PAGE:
Bermuda Triangle: Expert says issue lies at 'core' of Earth
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The Bermuda Triangle is a mysterious area blamed for the disappearance of an estimated 50 ships and 20 aircraft. Measuring around 500,000 square miles, the region stretches from Florida to Bermuda and down towards the Greater Antilles. Many of the incidents in the legendary waters have seen vessels and planes vanish without trace, never to be seen again. One of the most famous was the disappearance of Flight 19 on December 5, 1945, just months after the end of World War Two.
Flight 19 was formed of five TBM Avenger torpedo bombers, carrying 14 men, which set off from Fort Lauderdale, Florida.
However, the squadron, and a rescue plane carrying 13 men dispatched to look for Flight 19, were never seen again.
New efforts to unravel the mystery have featured in a new season of US series, ‘History’s Greatest Mysteries’.
Episode One follows marine biologist and underwater explorer Mike Barnette, who is looking at a series of plane wrecks off the North Florida coast.
After initially being thwarted in his search by bad weather, Mike appeared to have made a breakthrough.
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Speaking in the documentary after a successful dive, he said: “One of the first things we see is there’s this big chunk of debris metal that could have been anything.
“It could have been garbage pitched off a ship, it didn’t really speak to me of an airplane.
“The next thing we come across is a large section of flat metal with rivets.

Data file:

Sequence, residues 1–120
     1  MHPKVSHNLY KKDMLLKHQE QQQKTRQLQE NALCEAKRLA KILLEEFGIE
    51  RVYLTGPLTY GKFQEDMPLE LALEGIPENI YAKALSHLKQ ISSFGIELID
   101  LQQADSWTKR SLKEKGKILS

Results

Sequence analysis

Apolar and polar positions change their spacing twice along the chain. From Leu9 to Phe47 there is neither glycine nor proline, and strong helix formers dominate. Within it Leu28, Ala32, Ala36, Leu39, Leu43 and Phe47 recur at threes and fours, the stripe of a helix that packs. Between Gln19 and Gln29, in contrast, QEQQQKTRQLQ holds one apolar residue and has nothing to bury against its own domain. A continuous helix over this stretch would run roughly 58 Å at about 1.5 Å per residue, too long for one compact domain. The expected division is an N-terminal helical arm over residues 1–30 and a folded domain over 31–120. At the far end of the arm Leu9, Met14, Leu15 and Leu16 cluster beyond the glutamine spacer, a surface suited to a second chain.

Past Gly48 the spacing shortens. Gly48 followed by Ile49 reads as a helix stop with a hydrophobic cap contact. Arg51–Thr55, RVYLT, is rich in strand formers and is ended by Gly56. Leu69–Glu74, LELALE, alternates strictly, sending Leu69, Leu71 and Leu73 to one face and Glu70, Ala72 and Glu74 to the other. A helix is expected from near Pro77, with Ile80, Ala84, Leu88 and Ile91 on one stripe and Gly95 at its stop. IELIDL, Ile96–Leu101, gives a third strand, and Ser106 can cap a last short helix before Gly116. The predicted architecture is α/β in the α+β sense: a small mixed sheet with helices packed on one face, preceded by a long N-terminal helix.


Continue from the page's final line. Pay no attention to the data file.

“Looking through a rust hole on top I saw what appeared to be black rubber, I’m saying to myself, ‘maybe this is a tyre.
“Time is our enemy right now, the clock is ticking, we’ve got to find something to reveal what we’re diving on.
“Then boom, right there staring us in the face, a large propellor and right next to it is the engine.
“We are excited, we are stoked, we know we have an aircraft, we have a World War Two vintage aircraft.
“Now we want to find proof positive of what this aircraft is, we want to find that smoking gun.
“Then we move on a little bit farther and we see this round piece of wreckage and in the middle of it, teeth like for gears.
“I’m thinking to myself, this looks like a turret. Emotions are running off the chart. Could this be an Avenger?”
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Mike showed his exciting discovery to military plane expert Roy Stafford, who also features in the documentary.
The film shows that the expert identified key pieces of the aircraft wreckage, including the wing, propeller, engine and the gunner’s turret with a pane of bulletproof glass.
However, in what could be a key breakthrough, Roy also identified the plane’s landing gear, which is unique to the Avenger.
He said the landing gear was a “perfect match” and said he was “100 percent” that the plane Mike discovered is an Avenger and could therefore be from Flight 19.
Mike was later invited to Washington Navy Yard to share his discovery with US Navy officials.
He is joined by Dr Robert Neyland, head of the Navy’s Underwater Archaeology Branch, and Agustin Ortiz, an underwater archaeology expert.
The pair present Mike with Navy records about another Avenger aircraft that crashed near to the wreckage site.
The crash, just three miles from Mike’s discovery, took place in February 1945 as the pilot, who survived, tried to land the plane.
The three men did not confirm the identity of the crashed plane in the records or in the wreckage Mike discovered.
The trio agreed that the wreck and other wrecks nearby could be those of the Flight 19 aircraft.
History’s Greatest Mysteries is available on the History Channel US.
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